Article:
Apostolic Vicariate of the Congo

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The Roman Catholic Vicariate Apostolic of the Congo, the administrative region covering Catholic mission activity in the Congo area of Central Africa, was by the end of the nineteenth century already fragmented.

The first vicar apostolic appointed for Congo was in 1518, and the intended territory was within modern northern Angola.[1]

Over a period of about eighty years, from 1880, the territory of the present Democratic Republic of Congo became divided into dioceses with their bishops, with apostolic vicariates being the intermediate stage.

Early missions[edit]

The evangelization of the Congo began as early as 1484, when Diogo Cam discovered the mouth of the Congo River, known as Zaire until the seventeenth century. Cam's naval chaplain set himself at once to preach to the natives, and won to Christianity the chief of the Sogno, a village on the right bank of the Congo, where he first landed. Some of the inhabitants of this village accompanied Cam on his return voyage and were solemnly baptized at the court of John II of Portugal.

Later, the head chief of the Banza-Congo (Outeiro, the present San Salvador) asked King John for missionaries. Three were sent (whether they were Dominicans or Franciscans or members of a Lisbon chapter isn't known know); they finally baptized the head chief and many other subordinate ones at Banza-Congo, in a wooden structure called the Church of the Holy Cross. In 1518, a grandson of this chief, known as Henry, who had been ordained in Portugal, was made titular bishop of Utica, and appointed by Leo X Vicar Apostolic of Congo. He died before quitting Europe.

From the beginning the Portuguese undertook to introduce Portuguese customs in Congo. At the beginning of the seventeenth century, a native chief, Alvarez II, sent one of his relatives, a marquis, as his representative to the papal court. The ambassador arrived in Rome in a dying condition, and expired the day after his arrival, the eve of the Epiphany, 1608. Pope Paul V, who personally assisted the ambassador in his last moments, gave him a magnificent state funeral, and erected to his memory a monument at St. Mary Major's. Later, Pope Urban VIII had a mausoleum erected to him by Bernini; it still stands at the entrance to the choir of the basilica.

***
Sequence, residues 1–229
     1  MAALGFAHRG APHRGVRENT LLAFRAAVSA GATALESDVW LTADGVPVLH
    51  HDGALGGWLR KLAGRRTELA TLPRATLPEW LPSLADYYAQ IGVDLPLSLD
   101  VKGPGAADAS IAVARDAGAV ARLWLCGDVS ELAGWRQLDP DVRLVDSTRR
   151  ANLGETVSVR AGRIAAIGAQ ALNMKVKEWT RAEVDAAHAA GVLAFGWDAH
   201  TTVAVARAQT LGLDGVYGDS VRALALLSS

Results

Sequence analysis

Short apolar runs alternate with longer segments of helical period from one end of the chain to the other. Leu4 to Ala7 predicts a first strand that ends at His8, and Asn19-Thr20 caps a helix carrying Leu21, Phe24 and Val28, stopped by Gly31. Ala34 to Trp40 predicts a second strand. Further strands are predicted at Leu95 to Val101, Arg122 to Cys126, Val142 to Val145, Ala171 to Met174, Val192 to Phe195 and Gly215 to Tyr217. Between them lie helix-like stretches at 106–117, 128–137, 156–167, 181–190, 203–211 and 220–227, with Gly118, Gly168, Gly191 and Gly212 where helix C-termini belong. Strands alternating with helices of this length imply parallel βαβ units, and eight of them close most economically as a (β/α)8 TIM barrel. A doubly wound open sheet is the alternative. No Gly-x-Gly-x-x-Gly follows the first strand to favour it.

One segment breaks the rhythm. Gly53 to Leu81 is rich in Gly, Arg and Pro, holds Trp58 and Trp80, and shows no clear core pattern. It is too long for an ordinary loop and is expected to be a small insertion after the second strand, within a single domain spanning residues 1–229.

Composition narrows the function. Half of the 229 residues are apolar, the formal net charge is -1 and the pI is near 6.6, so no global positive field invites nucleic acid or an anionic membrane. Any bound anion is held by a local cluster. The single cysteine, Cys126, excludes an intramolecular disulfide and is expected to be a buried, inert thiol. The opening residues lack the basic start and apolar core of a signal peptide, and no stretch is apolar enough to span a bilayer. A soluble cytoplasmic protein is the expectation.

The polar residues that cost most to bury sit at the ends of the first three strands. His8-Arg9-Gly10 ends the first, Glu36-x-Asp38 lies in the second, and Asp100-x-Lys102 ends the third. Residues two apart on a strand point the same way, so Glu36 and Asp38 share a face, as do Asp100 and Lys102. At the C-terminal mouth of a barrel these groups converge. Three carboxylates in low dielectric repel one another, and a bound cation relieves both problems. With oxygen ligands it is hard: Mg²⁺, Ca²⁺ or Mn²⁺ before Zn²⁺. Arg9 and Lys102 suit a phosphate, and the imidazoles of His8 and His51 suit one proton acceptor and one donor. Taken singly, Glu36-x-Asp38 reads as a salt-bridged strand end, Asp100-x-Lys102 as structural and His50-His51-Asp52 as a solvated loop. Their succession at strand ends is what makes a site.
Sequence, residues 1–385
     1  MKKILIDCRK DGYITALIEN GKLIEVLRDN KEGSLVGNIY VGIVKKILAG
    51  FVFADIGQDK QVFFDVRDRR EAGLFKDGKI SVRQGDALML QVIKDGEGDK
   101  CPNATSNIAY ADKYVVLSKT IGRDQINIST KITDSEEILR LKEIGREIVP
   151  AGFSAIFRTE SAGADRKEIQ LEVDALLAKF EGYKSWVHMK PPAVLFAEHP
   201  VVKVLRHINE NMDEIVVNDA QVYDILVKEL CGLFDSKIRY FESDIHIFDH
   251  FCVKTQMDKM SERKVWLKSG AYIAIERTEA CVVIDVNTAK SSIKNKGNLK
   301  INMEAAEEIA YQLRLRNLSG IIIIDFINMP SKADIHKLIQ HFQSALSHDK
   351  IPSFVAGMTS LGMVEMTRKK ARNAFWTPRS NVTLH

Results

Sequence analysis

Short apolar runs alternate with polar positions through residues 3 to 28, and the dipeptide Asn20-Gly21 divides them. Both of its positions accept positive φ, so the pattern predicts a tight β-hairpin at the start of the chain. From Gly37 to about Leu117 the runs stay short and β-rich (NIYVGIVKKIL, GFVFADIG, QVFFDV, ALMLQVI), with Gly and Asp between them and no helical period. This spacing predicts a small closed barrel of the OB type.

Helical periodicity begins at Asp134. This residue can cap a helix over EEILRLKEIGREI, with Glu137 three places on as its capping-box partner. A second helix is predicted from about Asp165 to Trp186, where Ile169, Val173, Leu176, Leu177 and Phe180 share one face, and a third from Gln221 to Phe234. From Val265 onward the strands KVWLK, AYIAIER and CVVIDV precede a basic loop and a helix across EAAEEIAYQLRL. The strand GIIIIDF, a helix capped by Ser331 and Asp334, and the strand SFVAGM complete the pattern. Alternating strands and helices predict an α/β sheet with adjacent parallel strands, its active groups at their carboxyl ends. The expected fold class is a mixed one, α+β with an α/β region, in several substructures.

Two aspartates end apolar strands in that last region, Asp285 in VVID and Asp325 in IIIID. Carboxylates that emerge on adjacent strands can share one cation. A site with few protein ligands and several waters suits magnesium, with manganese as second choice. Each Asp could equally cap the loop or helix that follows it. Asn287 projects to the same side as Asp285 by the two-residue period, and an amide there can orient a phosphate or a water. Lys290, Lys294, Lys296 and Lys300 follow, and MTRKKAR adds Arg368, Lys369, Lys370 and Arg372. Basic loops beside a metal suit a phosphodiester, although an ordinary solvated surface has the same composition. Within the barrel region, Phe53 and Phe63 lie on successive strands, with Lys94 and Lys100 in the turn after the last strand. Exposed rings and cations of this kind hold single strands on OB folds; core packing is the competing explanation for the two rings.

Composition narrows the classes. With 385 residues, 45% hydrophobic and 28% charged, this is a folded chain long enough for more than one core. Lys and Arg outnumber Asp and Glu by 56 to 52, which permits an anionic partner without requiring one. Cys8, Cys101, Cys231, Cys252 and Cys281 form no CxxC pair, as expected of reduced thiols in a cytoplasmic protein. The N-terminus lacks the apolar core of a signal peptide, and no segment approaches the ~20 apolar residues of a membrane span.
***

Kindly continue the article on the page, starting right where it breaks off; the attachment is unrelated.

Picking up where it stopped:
The Dominicans, Franciscans, Carmelites, and Jesuits were the first missionaries of the Congo. Their labours were trying, and rather fruitless. In the seventeenth century, the Jesuits had two colleges, one at Loanda, another, of minor importance, at San Salvador. On the whole, Christianity never took firm root, and was early brought into discredit by the slave-trading Portuguese. While the Portuguese always confined themselves to the Lower Congo, as early as the seventeenth century the missionaries had traversed the course of the Zaire, and a seventeenth-century map has been discovered which traces the river according to data supplied by them.[2]



  1. ^ "Archived copy". Archived from the original on 2008-04-27. Retrieved 2008-08-13.
  2. ^ a b http://www.newadvent.org/cathen/04228a.htm
  3. ^ http://www.newadvent.org/cathen/16082a.htm
  4. ^ http://www.newadvent.org/cathen/09317a.htm
  5. ^ http://www.newadvent.org/cathen/15115b.htm
  6. ^ http://www.newadvent.org/cathen/08711b.htm
  7. ^ http://www.newadvent.org/cathen/15115c.htm
  8. ^ a b http://www.newadvent.org/cathen/16067c.htm
  9. ^ http://www.newadvent.org/cathen/15115a.htm

External links[edit]

 This article incorporates text from a publication now in the public domainHerbermann, Charles, ed. (1913). "article name needed". Catholic Encyclopedia. New York: Robert Appleton.